Posted on 22 Dec 2011
U.S. Transportation Secretary Ray LaHood said he won't back a proposal to prohibit drivers from talking on cellphones, even hands-free devices, giving a boost to car makers and mobile-phone companies that stand to lose if regulators impose a ban.
The National Transportation Safety Board last week asked states to ban cellphones while driving in response to a deadly collision in Missouri last year that the agency blamed in part on a driver who was texting while driving. The NTSB wants the ban to include hands-free devices, which let drivers keep their hands on the wheel while talking through speakers or a headset.
Car makers and mobile-phone companies have promoted hands-free options, such as Ford Motor Co.'s Sync system, to drivers who want to use their mobile devices for talking and other functions while behind the wheel. NPD Group, a market-research firm, estimates that through November,
Americans have spent about $230 million on devices that allow hands-free operation of mobile phones. One-third of Americans talk regularly on a cellphone while on the road, according to a study by the American Automobile Association.
Ford's Sync would be affected by the ban but General Motor Co.'s OnStar wouldn't because its hands-free calling feature is integrated into the car and doesn't require a cellphone to connect, the NTSB said.
Mr. LaHood has pushed to reduce driver distraction. A year ago, he said a ban on cellphone use on the road may be necessary, but he didn't put forth a plan. During a news conference in Washington Wednesday, he declined to endorse the NTSB's proposal. Hands-free calling "is not the big problem in America," Mr. LaHood said. "If other people want to work on hands-free, so be it."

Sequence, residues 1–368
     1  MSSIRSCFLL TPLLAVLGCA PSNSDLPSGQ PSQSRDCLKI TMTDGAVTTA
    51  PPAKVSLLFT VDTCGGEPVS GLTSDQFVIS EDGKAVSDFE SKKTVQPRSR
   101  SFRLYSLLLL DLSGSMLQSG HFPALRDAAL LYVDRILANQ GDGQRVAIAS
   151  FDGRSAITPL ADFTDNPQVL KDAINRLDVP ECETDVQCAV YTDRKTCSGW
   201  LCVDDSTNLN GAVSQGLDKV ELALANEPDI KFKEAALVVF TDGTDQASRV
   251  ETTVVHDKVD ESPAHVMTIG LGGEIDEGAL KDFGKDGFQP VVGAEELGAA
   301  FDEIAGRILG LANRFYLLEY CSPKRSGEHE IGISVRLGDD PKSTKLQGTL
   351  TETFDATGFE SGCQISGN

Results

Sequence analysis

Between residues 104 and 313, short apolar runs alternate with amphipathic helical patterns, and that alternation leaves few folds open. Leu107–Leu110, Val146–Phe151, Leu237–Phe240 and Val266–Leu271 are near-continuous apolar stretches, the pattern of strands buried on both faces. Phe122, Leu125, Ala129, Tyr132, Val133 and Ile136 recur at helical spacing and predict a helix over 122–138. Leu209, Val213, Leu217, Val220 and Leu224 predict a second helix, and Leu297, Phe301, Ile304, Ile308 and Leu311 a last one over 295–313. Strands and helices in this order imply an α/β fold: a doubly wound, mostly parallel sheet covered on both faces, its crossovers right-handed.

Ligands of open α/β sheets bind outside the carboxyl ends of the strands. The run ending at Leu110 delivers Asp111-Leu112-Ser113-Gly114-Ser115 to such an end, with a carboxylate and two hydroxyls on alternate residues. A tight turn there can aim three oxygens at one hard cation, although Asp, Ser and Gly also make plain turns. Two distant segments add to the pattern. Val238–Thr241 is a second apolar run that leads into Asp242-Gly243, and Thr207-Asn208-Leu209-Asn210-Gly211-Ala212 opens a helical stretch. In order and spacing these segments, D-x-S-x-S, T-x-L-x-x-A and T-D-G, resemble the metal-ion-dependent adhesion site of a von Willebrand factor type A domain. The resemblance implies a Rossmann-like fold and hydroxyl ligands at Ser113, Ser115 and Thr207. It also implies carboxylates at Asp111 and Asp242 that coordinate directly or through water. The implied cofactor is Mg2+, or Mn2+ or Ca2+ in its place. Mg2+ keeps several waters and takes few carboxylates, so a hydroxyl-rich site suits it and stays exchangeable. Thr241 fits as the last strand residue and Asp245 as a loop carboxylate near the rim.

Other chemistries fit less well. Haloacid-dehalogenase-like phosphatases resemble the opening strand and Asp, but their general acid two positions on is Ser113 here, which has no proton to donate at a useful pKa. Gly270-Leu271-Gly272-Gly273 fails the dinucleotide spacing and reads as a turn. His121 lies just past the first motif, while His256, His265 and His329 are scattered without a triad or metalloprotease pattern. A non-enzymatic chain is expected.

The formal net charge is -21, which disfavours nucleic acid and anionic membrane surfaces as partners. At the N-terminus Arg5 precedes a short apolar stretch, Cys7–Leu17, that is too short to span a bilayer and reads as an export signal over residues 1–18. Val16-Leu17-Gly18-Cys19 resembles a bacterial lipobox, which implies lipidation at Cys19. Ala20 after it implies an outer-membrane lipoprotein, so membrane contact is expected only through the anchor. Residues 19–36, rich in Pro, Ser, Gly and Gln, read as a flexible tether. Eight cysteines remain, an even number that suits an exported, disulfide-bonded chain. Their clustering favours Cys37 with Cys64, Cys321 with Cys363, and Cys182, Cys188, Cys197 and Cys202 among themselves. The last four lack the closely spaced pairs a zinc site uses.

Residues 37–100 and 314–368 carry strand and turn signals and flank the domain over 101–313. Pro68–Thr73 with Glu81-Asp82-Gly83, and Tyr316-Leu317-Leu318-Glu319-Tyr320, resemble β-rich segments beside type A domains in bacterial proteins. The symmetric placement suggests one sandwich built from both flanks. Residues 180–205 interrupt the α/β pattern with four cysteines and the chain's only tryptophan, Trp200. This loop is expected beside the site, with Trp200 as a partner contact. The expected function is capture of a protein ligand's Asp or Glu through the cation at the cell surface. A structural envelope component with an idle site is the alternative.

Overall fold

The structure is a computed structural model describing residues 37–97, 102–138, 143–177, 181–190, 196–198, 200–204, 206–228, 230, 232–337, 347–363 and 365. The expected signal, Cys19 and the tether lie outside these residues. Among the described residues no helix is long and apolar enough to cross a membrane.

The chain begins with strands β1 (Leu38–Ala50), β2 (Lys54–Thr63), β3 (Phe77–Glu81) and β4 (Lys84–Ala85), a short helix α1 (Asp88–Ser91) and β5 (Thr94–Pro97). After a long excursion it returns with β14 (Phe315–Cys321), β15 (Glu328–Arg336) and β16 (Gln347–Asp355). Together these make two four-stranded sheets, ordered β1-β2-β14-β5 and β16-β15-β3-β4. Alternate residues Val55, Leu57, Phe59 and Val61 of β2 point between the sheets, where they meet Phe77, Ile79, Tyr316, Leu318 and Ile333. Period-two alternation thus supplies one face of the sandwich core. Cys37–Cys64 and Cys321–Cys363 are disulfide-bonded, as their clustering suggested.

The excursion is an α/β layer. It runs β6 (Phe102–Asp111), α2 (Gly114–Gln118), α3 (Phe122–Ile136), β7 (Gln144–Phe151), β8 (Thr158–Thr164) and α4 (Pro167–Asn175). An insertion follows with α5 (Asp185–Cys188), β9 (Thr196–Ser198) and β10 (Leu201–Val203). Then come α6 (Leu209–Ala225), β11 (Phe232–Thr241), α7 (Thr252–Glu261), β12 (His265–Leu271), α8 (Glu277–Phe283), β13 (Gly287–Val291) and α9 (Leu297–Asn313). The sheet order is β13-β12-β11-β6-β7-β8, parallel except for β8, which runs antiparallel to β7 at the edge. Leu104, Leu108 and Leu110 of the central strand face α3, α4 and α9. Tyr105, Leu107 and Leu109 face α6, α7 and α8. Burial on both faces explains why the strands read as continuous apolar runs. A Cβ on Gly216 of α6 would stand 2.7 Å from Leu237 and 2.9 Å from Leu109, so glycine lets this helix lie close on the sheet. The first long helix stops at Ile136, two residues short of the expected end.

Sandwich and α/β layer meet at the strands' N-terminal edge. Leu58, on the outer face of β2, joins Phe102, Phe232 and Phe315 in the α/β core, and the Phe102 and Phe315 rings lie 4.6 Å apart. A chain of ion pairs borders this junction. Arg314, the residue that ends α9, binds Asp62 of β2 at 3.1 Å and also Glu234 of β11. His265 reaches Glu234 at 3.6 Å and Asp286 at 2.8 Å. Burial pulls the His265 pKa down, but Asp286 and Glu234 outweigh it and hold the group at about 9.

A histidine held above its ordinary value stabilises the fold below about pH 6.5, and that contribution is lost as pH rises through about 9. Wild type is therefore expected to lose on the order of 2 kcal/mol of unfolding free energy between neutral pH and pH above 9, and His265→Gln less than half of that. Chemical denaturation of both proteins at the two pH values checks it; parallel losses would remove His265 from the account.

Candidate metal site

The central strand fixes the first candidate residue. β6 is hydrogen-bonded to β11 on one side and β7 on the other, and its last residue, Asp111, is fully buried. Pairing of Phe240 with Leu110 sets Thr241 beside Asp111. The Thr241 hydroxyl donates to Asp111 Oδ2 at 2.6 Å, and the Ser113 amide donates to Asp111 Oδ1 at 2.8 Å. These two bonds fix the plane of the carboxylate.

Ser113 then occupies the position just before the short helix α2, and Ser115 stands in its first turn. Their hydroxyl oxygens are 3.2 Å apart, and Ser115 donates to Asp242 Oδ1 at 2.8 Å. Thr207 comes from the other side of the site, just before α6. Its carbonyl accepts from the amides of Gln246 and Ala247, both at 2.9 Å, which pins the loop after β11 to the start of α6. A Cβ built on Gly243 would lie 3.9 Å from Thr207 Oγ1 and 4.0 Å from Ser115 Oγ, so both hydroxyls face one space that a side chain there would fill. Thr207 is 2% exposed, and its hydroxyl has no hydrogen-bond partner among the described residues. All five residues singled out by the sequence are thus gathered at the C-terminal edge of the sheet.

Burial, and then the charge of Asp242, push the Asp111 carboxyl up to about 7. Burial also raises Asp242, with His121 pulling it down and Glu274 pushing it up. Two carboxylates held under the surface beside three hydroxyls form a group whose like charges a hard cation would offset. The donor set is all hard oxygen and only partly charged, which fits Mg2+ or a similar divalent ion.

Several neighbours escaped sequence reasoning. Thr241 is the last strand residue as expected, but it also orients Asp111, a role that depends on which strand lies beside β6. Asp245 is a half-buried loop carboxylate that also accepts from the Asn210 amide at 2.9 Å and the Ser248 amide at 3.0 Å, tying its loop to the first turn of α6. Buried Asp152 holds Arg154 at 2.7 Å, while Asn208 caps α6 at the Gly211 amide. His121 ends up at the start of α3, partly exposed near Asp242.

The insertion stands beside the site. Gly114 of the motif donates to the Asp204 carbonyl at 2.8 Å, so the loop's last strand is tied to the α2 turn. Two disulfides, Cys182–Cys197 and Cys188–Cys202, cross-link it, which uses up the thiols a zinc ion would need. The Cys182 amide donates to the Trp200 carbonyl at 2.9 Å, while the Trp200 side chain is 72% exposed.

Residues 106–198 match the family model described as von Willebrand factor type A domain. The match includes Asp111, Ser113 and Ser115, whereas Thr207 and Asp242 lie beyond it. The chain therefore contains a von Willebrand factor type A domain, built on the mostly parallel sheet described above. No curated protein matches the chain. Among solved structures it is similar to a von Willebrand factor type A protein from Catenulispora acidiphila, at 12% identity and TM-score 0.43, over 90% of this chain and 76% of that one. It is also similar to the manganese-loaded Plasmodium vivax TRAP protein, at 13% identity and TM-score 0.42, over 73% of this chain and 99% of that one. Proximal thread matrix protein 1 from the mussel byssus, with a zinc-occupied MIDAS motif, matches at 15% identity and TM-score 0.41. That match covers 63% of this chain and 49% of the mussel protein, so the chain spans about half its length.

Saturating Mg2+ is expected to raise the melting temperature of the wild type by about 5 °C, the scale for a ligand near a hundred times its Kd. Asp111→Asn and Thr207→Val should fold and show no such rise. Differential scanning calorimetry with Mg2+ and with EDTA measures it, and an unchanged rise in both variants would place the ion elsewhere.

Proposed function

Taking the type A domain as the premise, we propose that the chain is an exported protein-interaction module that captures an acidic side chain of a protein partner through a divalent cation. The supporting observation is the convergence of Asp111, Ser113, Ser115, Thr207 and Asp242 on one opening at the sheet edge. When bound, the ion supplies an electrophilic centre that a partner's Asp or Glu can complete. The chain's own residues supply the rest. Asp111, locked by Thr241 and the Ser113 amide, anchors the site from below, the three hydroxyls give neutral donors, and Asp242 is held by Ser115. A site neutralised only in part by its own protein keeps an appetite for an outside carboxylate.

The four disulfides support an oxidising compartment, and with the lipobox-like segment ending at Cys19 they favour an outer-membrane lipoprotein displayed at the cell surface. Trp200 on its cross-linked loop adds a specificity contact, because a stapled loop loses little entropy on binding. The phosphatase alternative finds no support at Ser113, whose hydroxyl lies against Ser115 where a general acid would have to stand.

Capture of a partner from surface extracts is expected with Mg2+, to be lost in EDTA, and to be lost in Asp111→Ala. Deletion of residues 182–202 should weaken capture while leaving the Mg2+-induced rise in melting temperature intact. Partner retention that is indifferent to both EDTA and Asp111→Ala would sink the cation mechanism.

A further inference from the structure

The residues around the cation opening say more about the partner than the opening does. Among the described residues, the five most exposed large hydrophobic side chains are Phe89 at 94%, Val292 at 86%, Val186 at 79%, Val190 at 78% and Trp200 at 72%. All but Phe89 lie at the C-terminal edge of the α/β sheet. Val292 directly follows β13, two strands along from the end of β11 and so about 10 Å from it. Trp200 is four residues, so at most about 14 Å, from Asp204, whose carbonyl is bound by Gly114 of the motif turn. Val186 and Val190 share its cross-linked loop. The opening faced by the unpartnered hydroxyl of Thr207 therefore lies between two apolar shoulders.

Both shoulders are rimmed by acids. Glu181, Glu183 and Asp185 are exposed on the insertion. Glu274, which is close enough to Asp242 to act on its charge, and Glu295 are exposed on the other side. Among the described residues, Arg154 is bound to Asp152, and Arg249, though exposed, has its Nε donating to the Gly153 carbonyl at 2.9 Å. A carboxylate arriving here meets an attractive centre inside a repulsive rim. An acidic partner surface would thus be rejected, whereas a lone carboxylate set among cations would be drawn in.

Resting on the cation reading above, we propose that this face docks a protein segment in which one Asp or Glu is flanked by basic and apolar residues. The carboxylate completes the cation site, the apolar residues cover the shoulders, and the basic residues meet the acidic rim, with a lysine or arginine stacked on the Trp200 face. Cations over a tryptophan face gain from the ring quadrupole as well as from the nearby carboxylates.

An NTSB spokesman said the board has no response to Mr. LaHood's comments. "Our recommendations are out there and we stand by them," he said.
Mr. LaHood's agency has rule-making authority over auto safety; the NTSB doesn't. So his comments are likely to bring relief to auto makers and the wireless industry,
Several lawmakers in states that have banned texting and talking on hand-hand devices while driving made statements in recent days that resistance to a ban on hands-free calling likely would be significant.
Auto makers and their lobbyists had no plans to marshal resources for a fight because they saw the proposal as unlikely to lead to new laws, people familiar with the situation said. CTIA, the group that represents wireless carriers and device makers, has said it wouldn't oppose local or state bans on using cellphones while driving.
Nine states and Washington, D.C., ban the use of hand-held cellphones while driving and 35 states, including D.C., prohibit texting while driving, according to the Governors Highway Safety Association. But no state has an all-out ban on cellphones.
The debate over the comparative safety of hand-held and hands-free mobile devices in cars is far from over. The National Highway Traffic Safety Administration, which is part of the Department of Transportation, is to release a study late next year evaluating the level of risk when drivers use hand-held and hands-free devices.
In the next few weeks, the agency plans to release guidelines to assure that systems for navigation, entertainment and other functions are designed to be less distracting to drivers.